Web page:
Kings of the Pin

Step aside, kids. These seniors give today’s gamers a run for their money at Wii Bowling

Nowadays, it’s no surprise to find a throng of Gen Y-ers glued to every new electronic gaming system that comes along. Especially popular among “leet” (that’s hip talk for “elite”) gamers is the Nintendo Wii. By using a special control device, this innovative system allows video game players to interact with the action on the screen: you can play golf, do step aerobics exercises, even sing karaoke. But who says these tricks are just for kids?

Technology Librarian Sue Scott teaches computer courses at the Marlboro Free Library. She noticed that her Internet demonstrations were a big hit with some of the library’s older visitors. At the same time, “I really wanted to bring gaming into the library,” she says. “I brought in the Wii thinking I’d get a lot of kids.” But the Wii Bowling game “just took off” with the library’s seniors, Scott says.

Marlboro Free Library Jitterbugs Senior Wii Bowling team

Joan Holt is president of the social club at the nearby Jenny’s Garden senior housing complex. She and some friends gathered at the library to put their virtual bowling skills to the test. “At first, we were a little skeptical,” she says of the Wii system. “We weren’t sure about the controllers. We’d press all the wrong buttons, and end up laughing. But we started to learn, and now we’re serious.”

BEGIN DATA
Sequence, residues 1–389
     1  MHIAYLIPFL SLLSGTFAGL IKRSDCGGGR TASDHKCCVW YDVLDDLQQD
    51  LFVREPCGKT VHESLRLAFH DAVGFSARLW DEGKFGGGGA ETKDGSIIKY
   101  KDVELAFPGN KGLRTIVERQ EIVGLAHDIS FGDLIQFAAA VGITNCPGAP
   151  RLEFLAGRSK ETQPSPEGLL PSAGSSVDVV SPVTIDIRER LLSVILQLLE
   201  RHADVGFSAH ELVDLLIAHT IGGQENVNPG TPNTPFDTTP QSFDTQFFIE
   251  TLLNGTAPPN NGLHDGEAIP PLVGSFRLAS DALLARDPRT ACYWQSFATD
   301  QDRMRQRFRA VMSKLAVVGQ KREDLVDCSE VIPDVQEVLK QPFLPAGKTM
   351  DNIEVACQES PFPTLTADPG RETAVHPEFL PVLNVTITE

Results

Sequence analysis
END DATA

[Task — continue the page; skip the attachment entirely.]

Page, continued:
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Coed teams of four players — ranging in age from 49 to 94 — began to form; before long, there were enough teams for a bowling league. “We have the Grasshoppers, Jitterbugs, Hi-Los, Latecomers, and the Half-and-Halfs,” says Holt, who plays for the Grasshoppers (the name was chosen because “it seemed like we were always jumping up and down”). The game has become so popular that the Marlboro league now squares off — virtually, of course — against the libraries in Kent, Millerton, and Beacon; teams play in their home library, with the highest averages tracked by their respective librarians. “We won the Winter Classic!” exclaims Holt. “Someday we hope to visit the other libraries, maybe play a tournament against them. We’re always thinking ahead about other things we can do.”

So what attracts senior citizens to a kid’s game? “For the most part,” says Holt, “and for seniors especially, it’s all about getting some exercise with a bunch of wonderful people, and having some fun.”


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